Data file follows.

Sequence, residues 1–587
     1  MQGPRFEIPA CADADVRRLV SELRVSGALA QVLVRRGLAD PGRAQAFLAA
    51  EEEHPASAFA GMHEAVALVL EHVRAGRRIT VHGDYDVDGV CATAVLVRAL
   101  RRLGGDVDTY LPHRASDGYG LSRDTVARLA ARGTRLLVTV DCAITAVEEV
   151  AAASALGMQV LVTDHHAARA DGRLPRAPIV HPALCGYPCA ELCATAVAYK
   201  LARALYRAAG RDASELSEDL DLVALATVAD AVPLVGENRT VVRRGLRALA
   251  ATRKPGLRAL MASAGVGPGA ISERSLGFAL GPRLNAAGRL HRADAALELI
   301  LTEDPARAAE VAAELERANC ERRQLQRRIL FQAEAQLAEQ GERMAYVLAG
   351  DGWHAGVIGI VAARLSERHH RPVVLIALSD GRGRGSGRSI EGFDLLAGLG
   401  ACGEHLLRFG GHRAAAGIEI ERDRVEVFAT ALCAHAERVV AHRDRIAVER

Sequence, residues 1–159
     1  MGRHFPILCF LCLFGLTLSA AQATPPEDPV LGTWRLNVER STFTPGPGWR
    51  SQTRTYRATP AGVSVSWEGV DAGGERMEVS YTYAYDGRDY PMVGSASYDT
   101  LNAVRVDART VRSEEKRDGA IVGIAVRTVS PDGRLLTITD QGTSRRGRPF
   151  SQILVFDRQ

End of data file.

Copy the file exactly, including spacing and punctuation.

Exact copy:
Sequence, residues 1–587
     1  MQGPRFEIPA CADADVRRLV SELRVSGALA QVLVRRGLAD PGRAQAFLAA
    51  EEEHPASAFA GMHEAVALVL EHVRAGRRIT VHGDYDVDGV CATAVLVRAL
   101  RRLGGDVDTY LPHRASDGYG LSRDTVARLA ARGTRLLVTV DCAITAVEEV
   151  AAASALGMQV LVTDHHAARA DGRLPRAPIV HPALCGYPCA ELCATAVAYK
   201  LARALYRAAG RDASELSEDL DLVALATVAD AVPLVGENRT VVRRGLRALA
   251  ATRKPGLRAL MASAGVGPGA ISERSLGFAL GPRLNAAGRL HRADAALELI
   301  LTEDPARAAE VAAELERANC ERRQLQRRIL FQAEAQLAEQ GERMAYVLAG
   351  DGWHAGVIGI VAARLSERHH RPVVLIALSD GRGRGSGRSI EGFDLLAGLG
   401  ACGEHLLRFG GHRAAAGIEI ERDRVEVFAT ALCAHAERVV AHRDRIAVER

Sequence, residues 1–159
     1  MGRHFPILCF LCLFGLTLSA AQATPPEDPV LGTWRLNVER STFTPGPGWR
    51  SQTRTYRATP AGVSVSWEGV DAGGERMEVS YTYAYDGRDY PMVGSASYDT
   101  LNAVRVDART VRSEEKRDGA IVGIAVRTVS PDGRLLTITD QGTSRRGRPF
   151  SQILVFDRQ